Introduction to previous Olympic Games
7/21/2021 11:47:25 AM
1936 Berlin Olympics
The selection of the site of the 1936 Olympic Games in Berlin was a historical mistake and a tragedy in the development of the international Olympic movement. Berlin was also designated as the site of the 1916 Olympic Games, because it became the source of war, making the Olympic Games blank. After the war, German militarism was punished, and it was not until 1928 that it was granted the right to participate in the Olympics.
In June 1936, the "Conference for Defending Olympic Ideas" was held in Paris, France. Participants from France, Spain, the United States, the United Kingdom, Czechoslovakia, Belgium, Sweden, Denmark, the Netherlands and other countries. The conference called on people to oppose the holding of the Olympic Games in Berlin and actively strive to change the site to Barcelona. The wave of protests swept across the world. New York established a struggle committee. Some European countries made it clear that they would not participate in the Berlin Olympics and actively support the preparation of the Barcelona Olympics. In July, athletes from 20 countries including France, the United Kingdom, the United States, Switzerland, Sweden, and Greece gathered in Barcelona to prepare to participate in the games to be held on July 18. Unfortunately, the games were aborted due to the fascist troubles on the eve of the opening. Regrettably, all this failed to change the original intention of the International Olympic Committee, and the Games were still held in Berlin as scheduled.
The 1936 Olympics were held in Berlin. A total of 3963 athletes (331 female athletes, 3632 male athletes) from 49 Olympic Committee member states and regions participated in 19 major events and 129 minor events. The most memorable thing is that Hitler failed to use the Olympics to prove his Aryan superiority theory. On the contrary, the most popular hero this year is the African-American sprinter and long jumper Jesse, who won 4 gold medals. · Owens.
1948 London Olympics
The 1948 London Olympics was the 14th Summer Olympic Games, which was held in London, England from July 29th to August 14th, 1948.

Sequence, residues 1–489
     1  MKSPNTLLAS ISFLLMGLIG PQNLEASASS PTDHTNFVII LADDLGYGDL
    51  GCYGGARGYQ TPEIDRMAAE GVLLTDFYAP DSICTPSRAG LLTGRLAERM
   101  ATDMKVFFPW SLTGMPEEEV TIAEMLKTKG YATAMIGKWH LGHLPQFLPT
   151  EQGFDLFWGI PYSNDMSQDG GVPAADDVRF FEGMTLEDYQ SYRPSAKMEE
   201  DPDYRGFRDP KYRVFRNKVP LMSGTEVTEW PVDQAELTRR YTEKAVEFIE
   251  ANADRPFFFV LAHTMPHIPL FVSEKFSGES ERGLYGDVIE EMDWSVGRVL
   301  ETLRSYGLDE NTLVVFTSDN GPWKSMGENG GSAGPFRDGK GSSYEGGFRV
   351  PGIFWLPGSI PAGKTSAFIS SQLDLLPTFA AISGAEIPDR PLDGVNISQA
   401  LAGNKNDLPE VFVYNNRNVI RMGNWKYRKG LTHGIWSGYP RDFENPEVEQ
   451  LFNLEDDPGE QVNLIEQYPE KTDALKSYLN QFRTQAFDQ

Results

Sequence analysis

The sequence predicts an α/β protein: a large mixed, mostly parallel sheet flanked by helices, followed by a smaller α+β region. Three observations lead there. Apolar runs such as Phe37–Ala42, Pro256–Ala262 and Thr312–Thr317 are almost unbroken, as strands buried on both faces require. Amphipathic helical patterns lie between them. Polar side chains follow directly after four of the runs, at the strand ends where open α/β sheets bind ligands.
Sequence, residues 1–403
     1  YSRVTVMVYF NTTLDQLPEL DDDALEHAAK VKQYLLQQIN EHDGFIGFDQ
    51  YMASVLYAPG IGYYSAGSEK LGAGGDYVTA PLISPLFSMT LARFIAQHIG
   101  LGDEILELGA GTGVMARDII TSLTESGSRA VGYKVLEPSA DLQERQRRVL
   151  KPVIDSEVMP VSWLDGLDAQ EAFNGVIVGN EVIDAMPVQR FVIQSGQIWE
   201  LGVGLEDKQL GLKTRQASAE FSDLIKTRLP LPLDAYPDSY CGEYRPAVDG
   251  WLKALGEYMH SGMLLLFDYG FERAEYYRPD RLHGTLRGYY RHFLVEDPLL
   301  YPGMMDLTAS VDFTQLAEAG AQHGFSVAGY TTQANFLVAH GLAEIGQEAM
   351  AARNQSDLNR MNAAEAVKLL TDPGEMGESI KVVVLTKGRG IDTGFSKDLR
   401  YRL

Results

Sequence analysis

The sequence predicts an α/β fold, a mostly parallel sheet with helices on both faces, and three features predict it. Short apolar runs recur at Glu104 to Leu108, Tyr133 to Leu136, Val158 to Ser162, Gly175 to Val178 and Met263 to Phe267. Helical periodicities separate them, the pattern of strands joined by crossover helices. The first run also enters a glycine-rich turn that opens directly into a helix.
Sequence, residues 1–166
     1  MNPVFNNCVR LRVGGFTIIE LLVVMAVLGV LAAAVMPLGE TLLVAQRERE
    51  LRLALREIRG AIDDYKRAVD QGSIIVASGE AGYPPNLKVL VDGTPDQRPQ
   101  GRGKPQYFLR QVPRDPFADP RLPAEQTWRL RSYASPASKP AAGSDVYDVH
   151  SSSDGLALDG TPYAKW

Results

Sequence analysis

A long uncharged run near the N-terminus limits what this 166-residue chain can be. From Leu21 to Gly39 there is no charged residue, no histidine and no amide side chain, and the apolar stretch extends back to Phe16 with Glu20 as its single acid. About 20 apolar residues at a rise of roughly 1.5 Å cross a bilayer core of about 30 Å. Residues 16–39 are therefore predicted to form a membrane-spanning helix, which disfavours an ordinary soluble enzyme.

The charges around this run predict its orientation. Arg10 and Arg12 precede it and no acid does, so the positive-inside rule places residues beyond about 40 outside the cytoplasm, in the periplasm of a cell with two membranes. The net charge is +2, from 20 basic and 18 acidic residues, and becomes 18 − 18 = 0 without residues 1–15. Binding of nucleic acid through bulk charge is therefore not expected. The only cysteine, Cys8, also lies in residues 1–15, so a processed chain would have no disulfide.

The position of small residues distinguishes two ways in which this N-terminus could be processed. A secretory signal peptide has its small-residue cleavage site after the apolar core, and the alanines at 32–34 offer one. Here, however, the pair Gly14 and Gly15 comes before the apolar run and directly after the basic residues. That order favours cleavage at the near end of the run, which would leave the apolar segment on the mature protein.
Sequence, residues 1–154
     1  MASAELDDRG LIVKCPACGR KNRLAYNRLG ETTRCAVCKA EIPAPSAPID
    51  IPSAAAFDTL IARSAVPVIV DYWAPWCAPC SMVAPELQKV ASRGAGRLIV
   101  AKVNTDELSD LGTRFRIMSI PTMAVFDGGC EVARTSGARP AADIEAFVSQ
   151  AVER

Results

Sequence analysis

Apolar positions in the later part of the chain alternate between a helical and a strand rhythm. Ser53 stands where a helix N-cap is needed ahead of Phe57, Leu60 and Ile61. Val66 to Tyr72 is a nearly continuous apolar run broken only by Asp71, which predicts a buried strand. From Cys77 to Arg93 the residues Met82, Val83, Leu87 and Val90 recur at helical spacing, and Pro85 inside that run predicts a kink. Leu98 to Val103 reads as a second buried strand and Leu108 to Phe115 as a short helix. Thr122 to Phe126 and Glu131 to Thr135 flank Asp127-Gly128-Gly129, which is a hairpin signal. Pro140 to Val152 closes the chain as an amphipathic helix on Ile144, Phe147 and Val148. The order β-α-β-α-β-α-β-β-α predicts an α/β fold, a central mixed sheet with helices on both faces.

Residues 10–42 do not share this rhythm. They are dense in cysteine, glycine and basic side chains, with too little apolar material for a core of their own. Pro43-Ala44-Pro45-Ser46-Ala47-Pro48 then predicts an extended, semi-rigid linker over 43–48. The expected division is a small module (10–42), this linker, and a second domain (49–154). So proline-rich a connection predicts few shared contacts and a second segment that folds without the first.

London hosted the fourth Olympic Games in 1908, and 40 years later, world players once again met here. This was the first Games held 12 years after the Second World War was interrupted, and it was a new starting point for the Olympic Movement. People have experienced the pain of the destruction of their homes and the death of their loved ones in the long war, but here they also appreciate the happiness of peace and friendship. After the Second World War, many countries got rid of colonial rule. Although they were too late to send well-trained players to the competition, they were invited to participate in this grand event.
A total of 4104 athletes (390 female athletes, 3714 male athletes) from 59 countries and regions participated in 17 major events and 136 minor events. For the first time, the women's rowing event became an Olympic event, and Karen Hoff of Denmark won the gold medal. The 17-year-old American player Matthias won the gold medal after only 4 months in the decathlon event. He was also the youngest athlete to win the gold medal in the men's track and field event in the history of the Olympic Games.
In 1937, Japan launched its war of aggression against China. Under pressure from the military, the Japanese Olympic Committee had to announce that Japan could not hold the Olympic Games in 1940. Under this situation, the International Olympic Committee decided to change the venue of the Olympic Games to Helsinki, which was scheduled to be from July 20 to August 4, 1940. Due to the outbreak of World War II, Finland notified the International Olympic Committee on January 1, 1940 to give up the right to host. Afterwards, wars spread throughout Europe and the world, and the 12th Olympic Games was aborted. On the eve of World War II, the International Olympic Committee also selected the site of the 13th Olympic Games. The London meeting of the International Olympic Committee from July 6 to 9, 1939 selected the venue for the Olympic Games in London, but the Olympic Games were not held due to the war.
The two world wars of the 20th century made the three Olympic Games planned in 1916, 1940, and 1944 a blank. People call these years the darkest years in the history of the Olympic movement. It ruined the Olympic Games and stifled the development of world sports.
1952 Helsinki Olympics
The 1952 Olympics was hosted by a rapidly emerging sports power. Although Finland has a small population and a small size, sports are quite popular. It has achieved excellent results in the Winter and Summer Olympics and made a useful contribution to the Olympic movement. . The Olympic Games held in Finland was full of enthusiasm. Helsinki, the capital, welcomed nearly 4,955 athletes from 69 countries in the world. The competition has a total of 17 major events and 149 minor events. The level of competition in the competition is higher than that of previous Olympic Games. Helsinki is highly praised for this. Among them, the Soviet Union and New China participated for the first time, which attracted attention.
The Soviet team, which participated for the first time, attached great importance to the Games. It sent a total of 295 athletes, ranking first among all countries; followed by the United States with 286; and the host ranked third with a total of 260. There were 257 in the UK, 246 in France, 226 in Italy, 206 in Sweden, and 205 in the Federal Republic of Germany.
This Olympic Games has a total of 17 major events and 149 minor events. Compared with the previous one, the competition events have not changed much, but the modern pentathlon team events have been added, and the art competition established 40 years ago has been cancelled.